Cleverly weaving of the genre’s rules and tropes into a non-stop one hour show, Laurence’s skills as a composer (his day job), a comedian and an all-rounder of singing and performance on a surprising variety of live instruments in addition to his self-composed backing track would put any musical theatre star’s talent to the test. Performing solo for an entire hour with no breaks, playng multiple characters, with a self-composed score intersecting with live instrumental performances: no easy task, but one that Laurence should be credited for alongside the more ‘serious’ or well known performers at the Fringe.
If you hate musicals or teen comedies, go see it. If you love musicals and teen films, go see it. If you love film, look for the more complex musical and film references outside of the teen genre, and feel smug as you bask in your movie-spotting glory. Resist the urge to stand up and dance though, as it would be shame for Laurence to have to share is multi-talented joyful spotlight with anyone.
Friday 12 Aug only. Part of Edinburgh Digital Entertainment Festival
If you know Dune, and love Dune, in all of its campness and impenetrability, New Media Scotland’s production with new electronic score will surely, as all good live cinema does, complement and enhance a film experience you know and love. Where the production falls down is the lack of familiarity with the original score: with performers staged behind us on the balcony, it was near impossible to tell which sections were augmented (apart from a few brilliant audio gags, including a LOL moment with Sting…)
Maybe the intention was to not know what was new and what was original, made possible with seamless 5.1 sound installed into the Assembly Rooms music hall which would have been a nightmare to get precision sound with its ringing acoustics, so props to all sound techs involved for this.
Part of a trio of Atmosphere events from New Media Scotland, we sadly missed Beberian Sound Studio with live foley, and brand new commission La Jeteé with augmented score played through the audiences mobile phones. Dune was perhaps the (only slightly) worst show of the three inventive audio experiences at EDEF.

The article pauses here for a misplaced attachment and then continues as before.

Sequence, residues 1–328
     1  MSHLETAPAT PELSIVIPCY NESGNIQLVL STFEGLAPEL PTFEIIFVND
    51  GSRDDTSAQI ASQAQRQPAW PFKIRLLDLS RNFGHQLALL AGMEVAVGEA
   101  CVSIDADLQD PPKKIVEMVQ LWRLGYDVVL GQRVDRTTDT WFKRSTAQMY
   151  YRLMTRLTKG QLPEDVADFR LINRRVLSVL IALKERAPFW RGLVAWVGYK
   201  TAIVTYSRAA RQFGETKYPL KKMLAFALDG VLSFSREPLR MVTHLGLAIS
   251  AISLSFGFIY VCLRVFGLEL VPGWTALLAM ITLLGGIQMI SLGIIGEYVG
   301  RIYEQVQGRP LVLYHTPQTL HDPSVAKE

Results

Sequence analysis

DIGITAL ENTERTAINMENT FESTIVAL: VR STUDIO
Daily to 28th August, various times, Assembly Rooms
£12/£10 per session with free Tech Hub 2 hour access
New for 2016, and as a much needed to reaction to Edinburgh’s criticism of lack of digital integration, Edinburgh Digital Entertainment Festival, programmed and produced by London’s Riverside Studios sees the Assembly Rooms in the (slightly) quieter area of New Town transformed into a digital playground, expertly curated in stunning surrounding. A one hour VR experience in the VR Studio allows you to curate your own personal cinema ona Samsung Gear from a selection of 20 projects/videos/experiences. How exactly do we define a ‘thing’ watched in VR anyway?
Compared to other VR exhibits, what makes EDEF’s experience work is the pre-bookable timeslots, with all content preloaded for you to explore, with assistance on hand should you get lost inside the Oculus Studio menu. Unlike other digital festival experiences where it’s one project per headset, resulting in long waits for the most popular exhibits, you watch what you want when you want within your one hour slot.
Your ticket indludes a visit to the Tech Hub: an exhibit based experience where you MAY have a short wait for exhibits such as the BBC’s space station adventure HOME. Again props to EDEF for managing timing and space so well.
Our highlight was Igloo’s cylinder screen. Being able to experience VR collectively, outside of a headset was wondrous, watching each others reactions and discussing the panoramas, vistas, and sheer terror in the case of iScream 360 that we found ourselves in.
Shameless plug: Collective VR is the subject of a panel we have submitted to SXSW this year. You can help us research this more at an international level by voting for us on PanelPicker.